Did I vote for Trump? No.* Do I resent the blanket accusations toward Trump supporters? Um, yes. Many people I know and love voted for Trump – some hesitantly, some enthusiastically. And guess what? Many of them are vehemently NOT racist.** Demanding that Trump supporters bear the responsibility for each and every one of his buffooneries is asinine. Moreover, blaming Trump generally for racial conflict is asinine. Remember how everyone stopped being racist when Obama was the President? Oh yeah.. me neither. Look –Trump’s rhetoric seems to have emboldened some extremist groups to organize and “go public,” and that’s not okay. But he didn’t create racism, and he’s one orange man. Over-focusing on him and everything he tweets is a waste of your emotional energy. Even more so, funneling your frustration and hatred over racism toward Trump voters at large is counter-productive. Racial harmony is going to require the cooperation and heart-change of people of all races. Antagonizing, accusing, and insulting an entire group of people (a sizable proportion of which hated Hillary more than they loved Trump, I’d wager) is going to further alienate them when we need to bring them into the fold. As a final point – if Trump supporters, white males, or whoever are obligated to post something so that people don’t think terrible things about them, is it really meaningful?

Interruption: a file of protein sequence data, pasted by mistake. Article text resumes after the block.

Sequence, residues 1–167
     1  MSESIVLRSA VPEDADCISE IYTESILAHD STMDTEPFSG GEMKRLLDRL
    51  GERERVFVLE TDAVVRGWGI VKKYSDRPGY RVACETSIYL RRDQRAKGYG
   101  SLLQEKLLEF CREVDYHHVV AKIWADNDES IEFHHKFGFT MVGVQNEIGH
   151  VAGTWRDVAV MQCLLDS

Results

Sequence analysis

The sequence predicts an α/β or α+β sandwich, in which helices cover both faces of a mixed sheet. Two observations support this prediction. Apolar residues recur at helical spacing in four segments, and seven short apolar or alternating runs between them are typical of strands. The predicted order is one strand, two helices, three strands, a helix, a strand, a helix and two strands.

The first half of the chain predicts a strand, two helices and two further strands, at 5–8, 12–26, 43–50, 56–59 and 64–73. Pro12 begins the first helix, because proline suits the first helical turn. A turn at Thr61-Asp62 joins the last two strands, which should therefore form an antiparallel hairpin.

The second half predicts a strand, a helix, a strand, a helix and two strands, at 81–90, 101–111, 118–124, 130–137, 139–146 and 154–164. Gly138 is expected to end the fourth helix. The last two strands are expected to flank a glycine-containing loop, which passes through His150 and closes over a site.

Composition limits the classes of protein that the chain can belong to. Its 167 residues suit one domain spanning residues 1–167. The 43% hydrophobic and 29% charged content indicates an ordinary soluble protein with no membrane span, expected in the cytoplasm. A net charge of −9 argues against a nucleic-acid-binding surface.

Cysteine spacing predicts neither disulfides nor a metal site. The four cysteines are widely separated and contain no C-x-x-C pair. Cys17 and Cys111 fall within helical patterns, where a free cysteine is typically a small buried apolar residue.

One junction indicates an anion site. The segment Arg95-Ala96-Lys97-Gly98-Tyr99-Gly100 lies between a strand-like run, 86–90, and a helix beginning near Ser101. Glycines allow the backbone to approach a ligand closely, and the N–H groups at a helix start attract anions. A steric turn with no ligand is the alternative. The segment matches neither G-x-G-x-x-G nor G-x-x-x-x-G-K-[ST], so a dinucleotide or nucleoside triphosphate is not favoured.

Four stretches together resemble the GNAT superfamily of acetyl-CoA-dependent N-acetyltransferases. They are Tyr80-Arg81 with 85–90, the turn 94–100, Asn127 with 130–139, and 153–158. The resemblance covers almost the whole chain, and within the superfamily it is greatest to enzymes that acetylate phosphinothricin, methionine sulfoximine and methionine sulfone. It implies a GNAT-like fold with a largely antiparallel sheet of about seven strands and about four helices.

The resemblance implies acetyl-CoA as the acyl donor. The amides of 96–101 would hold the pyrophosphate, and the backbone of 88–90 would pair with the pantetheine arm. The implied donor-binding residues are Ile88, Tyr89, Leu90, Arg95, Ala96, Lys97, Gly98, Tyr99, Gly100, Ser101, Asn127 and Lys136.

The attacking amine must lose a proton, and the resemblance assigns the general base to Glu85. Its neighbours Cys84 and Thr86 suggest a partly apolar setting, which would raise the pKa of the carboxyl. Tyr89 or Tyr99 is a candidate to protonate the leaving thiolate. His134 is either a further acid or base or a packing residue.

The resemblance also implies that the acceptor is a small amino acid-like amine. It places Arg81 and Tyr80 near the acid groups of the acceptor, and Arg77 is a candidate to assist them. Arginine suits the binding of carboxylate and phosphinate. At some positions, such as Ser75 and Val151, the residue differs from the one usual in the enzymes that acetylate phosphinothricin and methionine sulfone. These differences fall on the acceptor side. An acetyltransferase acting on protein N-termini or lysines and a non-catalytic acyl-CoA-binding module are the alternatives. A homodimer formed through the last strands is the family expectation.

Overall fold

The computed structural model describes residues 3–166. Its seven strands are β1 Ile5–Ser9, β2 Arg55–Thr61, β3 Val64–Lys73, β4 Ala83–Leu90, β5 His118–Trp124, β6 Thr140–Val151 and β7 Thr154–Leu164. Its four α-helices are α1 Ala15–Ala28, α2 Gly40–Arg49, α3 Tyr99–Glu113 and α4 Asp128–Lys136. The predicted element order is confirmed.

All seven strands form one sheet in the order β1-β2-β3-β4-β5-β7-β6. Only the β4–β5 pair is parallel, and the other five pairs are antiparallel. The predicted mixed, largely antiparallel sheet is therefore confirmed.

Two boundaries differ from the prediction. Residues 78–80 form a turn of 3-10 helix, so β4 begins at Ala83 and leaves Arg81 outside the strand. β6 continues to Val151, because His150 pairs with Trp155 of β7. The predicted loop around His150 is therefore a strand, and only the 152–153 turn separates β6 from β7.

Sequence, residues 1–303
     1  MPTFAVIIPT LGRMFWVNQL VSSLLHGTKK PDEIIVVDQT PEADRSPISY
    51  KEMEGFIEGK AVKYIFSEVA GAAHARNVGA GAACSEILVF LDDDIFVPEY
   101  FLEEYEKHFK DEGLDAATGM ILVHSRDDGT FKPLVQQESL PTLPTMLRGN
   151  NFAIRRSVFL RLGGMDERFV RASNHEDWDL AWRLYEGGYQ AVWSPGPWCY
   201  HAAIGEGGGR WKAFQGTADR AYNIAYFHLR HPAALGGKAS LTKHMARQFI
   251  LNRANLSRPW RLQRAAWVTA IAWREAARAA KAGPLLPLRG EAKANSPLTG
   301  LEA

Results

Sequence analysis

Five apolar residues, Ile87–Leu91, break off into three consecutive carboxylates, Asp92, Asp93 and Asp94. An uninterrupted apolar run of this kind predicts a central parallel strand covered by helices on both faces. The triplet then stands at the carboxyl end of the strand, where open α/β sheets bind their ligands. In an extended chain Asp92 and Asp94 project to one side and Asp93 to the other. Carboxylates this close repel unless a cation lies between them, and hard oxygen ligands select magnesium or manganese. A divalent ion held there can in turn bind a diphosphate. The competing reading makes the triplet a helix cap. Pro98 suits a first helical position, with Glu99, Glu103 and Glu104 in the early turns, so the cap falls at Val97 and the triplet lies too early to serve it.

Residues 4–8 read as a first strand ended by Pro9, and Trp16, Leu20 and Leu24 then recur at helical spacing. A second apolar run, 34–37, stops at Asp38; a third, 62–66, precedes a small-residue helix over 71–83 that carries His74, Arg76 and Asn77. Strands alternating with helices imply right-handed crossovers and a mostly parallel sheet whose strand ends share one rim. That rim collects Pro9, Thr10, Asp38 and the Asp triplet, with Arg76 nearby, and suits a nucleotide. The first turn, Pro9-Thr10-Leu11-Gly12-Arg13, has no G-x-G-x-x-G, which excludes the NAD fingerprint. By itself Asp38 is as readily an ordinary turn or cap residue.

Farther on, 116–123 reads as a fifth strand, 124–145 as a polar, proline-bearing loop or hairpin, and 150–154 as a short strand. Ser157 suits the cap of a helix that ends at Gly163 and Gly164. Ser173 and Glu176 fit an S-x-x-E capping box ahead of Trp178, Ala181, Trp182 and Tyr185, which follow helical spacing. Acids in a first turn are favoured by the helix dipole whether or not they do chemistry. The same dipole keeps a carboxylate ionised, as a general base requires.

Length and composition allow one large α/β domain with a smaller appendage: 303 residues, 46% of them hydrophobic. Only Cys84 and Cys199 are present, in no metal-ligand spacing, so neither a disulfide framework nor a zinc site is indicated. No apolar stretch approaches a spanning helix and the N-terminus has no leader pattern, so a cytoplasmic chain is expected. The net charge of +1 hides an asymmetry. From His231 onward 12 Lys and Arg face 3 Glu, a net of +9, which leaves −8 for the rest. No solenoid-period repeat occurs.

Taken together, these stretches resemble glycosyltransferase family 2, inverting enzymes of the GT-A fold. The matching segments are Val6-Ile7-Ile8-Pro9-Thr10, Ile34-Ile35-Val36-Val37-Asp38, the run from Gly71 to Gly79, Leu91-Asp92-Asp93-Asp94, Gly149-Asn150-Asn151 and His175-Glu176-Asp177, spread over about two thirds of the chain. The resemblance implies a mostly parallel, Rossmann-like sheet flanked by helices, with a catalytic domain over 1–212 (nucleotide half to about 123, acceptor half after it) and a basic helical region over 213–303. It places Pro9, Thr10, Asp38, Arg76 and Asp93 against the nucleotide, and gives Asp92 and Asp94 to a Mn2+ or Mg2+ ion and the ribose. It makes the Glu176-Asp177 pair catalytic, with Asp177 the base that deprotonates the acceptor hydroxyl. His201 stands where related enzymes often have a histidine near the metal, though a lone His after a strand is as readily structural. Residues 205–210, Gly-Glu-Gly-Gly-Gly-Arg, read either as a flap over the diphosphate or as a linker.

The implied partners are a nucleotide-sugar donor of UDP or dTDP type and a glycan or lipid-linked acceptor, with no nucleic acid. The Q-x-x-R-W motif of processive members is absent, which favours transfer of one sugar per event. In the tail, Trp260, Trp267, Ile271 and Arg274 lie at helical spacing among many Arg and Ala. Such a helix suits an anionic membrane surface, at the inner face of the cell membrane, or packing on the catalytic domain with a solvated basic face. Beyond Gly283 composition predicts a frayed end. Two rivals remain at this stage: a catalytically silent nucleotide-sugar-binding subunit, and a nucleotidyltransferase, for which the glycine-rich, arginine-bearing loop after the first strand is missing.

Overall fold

Embracing the tension